Dec. 27th, 2016

shadowkat: (clock)
Frigging 2016...although on a strictly personal note, it hasn't been all that bad for me or my friends. As long as we ignore the news, we'd be fine and dandy. Which makes me worry about 2017. Watershed years, ugh.

So, I jump off social media for a bit, because frankly its been giving me nightmares, and Carrie Fisher dies, along with Richard Adams. Lots of artists, highly talented, and kind, died this year. True humanitarians. Meanwhile there are nasty populist leaders around the world and at home, in their 70s, that I really wish would die instead, but nooo...they keep trucking along like nightmarish versions of the Energizer Bunny. Who is running this show anyhow? I'm beginning to think the Universe has a sick sense of humor.

I adored Carrie Fisher, she was tough and vulnerable, with a wicked sense of humor and the ability to laugh at herself. Also her character, Princess Leia aka General Leia, was the true hero of the Star Wars franchise. With Riley Finn, a worthy successor. But, ignoring Star Wars, Fisher pulled back the veil on mental illness with humor and wit. She discussed addiction with a frank honesty, and the perils of stardom. Some of her best work, was in her writing, and in small roles like Sally's friend in When Harry Met Sally. I'll miss her. And she was just eleven years older than me. So young.

Also, miss Richard Addams who wrote childhood favorites Watership Down and The Plague Dogs. And George Michael of WHAM, whose quiet works of kindness live on, along with his music. He was also amongst the first musicians to come out about his sexuality, opening the doors for others.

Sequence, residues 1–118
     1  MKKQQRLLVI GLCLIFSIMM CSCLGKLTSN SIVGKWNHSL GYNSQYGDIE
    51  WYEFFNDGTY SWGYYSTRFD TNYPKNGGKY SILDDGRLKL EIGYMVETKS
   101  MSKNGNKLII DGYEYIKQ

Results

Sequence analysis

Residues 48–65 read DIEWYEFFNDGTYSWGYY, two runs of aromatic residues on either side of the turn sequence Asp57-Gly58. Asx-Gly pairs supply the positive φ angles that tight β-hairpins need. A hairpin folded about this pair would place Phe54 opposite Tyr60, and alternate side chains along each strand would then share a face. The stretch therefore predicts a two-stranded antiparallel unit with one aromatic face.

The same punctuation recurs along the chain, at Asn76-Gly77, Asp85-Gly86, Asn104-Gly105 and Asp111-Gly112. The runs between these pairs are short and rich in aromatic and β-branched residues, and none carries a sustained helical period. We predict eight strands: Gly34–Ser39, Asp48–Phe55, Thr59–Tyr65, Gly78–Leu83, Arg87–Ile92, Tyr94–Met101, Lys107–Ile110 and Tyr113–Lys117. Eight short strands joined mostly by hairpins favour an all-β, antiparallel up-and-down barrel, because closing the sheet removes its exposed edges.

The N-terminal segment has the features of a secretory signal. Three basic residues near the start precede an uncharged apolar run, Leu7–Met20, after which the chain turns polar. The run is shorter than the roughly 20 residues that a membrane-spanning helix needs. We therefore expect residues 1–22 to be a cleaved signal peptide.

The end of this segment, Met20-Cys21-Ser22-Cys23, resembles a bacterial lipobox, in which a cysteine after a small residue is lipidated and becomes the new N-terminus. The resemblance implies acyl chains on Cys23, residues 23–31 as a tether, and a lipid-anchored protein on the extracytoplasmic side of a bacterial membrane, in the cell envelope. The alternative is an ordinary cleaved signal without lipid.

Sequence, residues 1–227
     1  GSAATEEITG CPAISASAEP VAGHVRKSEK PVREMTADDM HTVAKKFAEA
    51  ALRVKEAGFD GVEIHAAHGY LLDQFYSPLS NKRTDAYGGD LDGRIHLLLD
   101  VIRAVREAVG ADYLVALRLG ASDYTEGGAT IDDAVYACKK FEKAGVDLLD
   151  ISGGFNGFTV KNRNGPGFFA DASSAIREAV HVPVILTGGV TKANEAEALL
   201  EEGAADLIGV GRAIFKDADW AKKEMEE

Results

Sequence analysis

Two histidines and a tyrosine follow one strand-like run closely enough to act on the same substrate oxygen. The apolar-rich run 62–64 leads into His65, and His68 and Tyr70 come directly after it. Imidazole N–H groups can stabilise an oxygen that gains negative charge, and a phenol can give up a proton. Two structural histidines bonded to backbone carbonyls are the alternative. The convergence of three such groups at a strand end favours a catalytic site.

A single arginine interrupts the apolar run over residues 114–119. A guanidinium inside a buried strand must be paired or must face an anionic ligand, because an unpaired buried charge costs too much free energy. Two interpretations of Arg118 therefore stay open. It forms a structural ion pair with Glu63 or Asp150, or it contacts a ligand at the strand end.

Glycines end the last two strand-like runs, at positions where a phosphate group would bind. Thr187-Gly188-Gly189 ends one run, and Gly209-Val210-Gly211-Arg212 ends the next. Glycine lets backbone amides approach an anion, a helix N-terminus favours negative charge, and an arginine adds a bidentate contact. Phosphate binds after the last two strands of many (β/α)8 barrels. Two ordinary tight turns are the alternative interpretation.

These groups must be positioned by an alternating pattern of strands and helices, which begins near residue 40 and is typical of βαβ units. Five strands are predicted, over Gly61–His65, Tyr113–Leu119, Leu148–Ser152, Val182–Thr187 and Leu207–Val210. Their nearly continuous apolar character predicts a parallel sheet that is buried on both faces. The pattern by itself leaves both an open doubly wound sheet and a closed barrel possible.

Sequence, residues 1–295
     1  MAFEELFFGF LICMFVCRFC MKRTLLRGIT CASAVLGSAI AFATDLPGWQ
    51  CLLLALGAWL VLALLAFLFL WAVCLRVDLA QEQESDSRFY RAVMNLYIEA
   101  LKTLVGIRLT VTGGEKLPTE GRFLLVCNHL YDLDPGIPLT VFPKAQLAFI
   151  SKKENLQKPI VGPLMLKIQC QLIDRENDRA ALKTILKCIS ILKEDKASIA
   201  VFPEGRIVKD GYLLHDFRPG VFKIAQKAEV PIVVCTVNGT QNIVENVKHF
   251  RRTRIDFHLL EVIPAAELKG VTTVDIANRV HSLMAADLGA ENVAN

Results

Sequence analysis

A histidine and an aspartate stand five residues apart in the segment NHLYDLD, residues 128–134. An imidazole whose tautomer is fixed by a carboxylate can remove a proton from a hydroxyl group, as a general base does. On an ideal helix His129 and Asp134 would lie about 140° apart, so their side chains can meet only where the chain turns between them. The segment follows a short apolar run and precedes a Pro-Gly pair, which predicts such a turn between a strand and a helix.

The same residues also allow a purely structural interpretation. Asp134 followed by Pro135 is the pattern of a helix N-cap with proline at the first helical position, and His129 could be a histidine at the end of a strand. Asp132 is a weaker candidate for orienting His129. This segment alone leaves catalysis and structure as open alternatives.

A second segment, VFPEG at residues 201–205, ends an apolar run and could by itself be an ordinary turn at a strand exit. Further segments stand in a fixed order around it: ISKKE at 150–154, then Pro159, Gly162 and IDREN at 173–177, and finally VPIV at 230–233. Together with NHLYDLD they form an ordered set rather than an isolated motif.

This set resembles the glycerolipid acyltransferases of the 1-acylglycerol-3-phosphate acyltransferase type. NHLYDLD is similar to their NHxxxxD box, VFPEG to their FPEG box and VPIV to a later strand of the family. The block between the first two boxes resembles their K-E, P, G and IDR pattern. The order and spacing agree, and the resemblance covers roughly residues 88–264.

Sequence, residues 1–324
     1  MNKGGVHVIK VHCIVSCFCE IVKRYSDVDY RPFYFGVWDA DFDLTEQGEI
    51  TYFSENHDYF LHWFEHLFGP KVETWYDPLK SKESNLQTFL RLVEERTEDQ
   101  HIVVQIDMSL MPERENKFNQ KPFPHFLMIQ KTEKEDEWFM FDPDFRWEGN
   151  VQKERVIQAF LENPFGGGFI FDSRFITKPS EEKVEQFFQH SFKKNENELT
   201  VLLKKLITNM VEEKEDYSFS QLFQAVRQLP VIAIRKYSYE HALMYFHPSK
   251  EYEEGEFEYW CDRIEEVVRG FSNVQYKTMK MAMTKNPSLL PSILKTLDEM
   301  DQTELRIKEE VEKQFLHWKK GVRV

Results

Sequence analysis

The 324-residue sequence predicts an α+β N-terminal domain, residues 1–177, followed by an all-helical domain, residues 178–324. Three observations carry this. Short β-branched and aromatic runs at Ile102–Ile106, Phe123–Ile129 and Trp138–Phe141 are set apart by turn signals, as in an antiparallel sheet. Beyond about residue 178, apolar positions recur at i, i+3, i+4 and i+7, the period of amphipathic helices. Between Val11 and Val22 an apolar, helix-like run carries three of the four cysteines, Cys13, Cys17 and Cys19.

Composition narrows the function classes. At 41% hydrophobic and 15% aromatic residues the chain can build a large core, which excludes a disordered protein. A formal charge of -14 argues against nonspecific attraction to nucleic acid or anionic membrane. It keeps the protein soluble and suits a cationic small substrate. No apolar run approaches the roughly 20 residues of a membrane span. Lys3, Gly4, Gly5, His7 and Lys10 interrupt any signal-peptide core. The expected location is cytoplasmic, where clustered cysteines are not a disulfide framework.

On a more positive note, two leaders came out this week with pleas to be kind to others and tolerance, Prince Charles and Pope Francis. I have hope they will inspire less savvy leaders around the world to let kindness into their hearts as well.
shadowkat: (Tv shows)
Way back in 1973, sci-fi writer, Michael Crichton wrote and directed a science fiction film entitled Westworld about a Western amusement park where the androids malfunction and start to kill the human tourists. It starred James Brolin, Yul Brunner, and Richard Benjamin. There was a sequel, that I actually saw years later, entitled Futureworld which starred Peter Fonda and Yul Brunner made a cameo appearance in a dream sequence.

The film version of Westworld aired again recently, and I still have it on the DVR, but have had troubles getting into it. Also, in the 1980s, there was a short-lived television series that I vaguely remember watching entitled "Beyond Westworld".

Now, years later, JJ Abrahams and company have revisited and rebooted Westworld as a television series for HBO. A far shinier, a far more violent series than the original. Also in some respects better written. Spoiler alert? It sort of ends the same, or rather, as one might expect.
It also at one point, references the original movie by following the journey of two guests to the park, William and Logan, who weirdly resemble Brolin and Benjamin's original characters.

The series is a fascinating philosophical study of consciousness or how we reach it. And that to find oneself, one must travel within, not without. You won't find the meaning of life or figure out who you are by looking outside yourself or out there, but rather within. Which is a Buddhist concept, I think. Or rather it's what I've been reading recently within Buddhist teachings. Although, I seriously doubt the Buddhists would agree with the graphic violence or the need for it.

The writers of this series aren't that found of humans, it is rather misanthropic. And there is a heavy meta-narrative on the exploitative nature of television or film. Reminding me a great deal of Joss Whedon's Dollhouse. Having now watched the whole thing, I'd say the two series have a lot more common than I'd originally thought and in some respects end on a similar note.

eh spoilers for the series Dollhouse and Westworld )


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